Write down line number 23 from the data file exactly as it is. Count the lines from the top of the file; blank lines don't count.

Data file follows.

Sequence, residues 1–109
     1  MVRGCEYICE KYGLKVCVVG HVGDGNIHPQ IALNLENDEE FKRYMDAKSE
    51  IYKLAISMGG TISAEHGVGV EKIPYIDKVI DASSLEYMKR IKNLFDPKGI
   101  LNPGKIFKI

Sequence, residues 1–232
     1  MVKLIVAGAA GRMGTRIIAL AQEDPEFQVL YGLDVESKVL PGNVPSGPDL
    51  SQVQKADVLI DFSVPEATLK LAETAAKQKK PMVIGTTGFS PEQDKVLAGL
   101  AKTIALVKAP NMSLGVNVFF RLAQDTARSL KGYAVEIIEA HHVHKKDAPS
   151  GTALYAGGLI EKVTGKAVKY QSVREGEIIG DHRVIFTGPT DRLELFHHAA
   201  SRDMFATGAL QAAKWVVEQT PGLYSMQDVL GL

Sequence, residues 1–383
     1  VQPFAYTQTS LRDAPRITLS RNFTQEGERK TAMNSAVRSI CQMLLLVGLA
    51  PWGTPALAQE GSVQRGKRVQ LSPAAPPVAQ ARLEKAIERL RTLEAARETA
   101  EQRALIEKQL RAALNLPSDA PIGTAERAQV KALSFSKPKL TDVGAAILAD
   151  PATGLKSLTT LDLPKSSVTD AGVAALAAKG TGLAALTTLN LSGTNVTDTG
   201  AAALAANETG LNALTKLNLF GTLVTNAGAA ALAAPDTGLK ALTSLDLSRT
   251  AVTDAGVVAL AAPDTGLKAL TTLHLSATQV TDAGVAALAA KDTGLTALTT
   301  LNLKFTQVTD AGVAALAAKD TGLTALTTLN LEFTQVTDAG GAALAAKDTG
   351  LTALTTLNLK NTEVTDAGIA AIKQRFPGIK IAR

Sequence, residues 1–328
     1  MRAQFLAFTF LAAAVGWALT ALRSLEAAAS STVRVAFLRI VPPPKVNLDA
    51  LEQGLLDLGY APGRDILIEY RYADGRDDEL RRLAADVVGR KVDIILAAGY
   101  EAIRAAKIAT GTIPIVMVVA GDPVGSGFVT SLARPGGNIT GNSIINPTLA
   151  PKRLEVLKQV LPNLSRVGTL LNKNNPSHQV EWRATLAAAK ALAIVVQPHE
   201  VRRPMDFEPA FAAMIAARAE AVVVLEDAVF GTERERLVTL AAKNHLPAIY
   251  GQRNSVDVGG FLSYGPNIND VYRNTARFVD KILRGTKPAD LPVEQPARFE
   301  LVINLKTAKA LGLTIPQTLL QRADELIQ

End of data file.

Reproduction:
   101  EAIRAAKIAT GTIPIVMVVA GDPVGSGFVT SLARPGGNIT GNSIINPTLA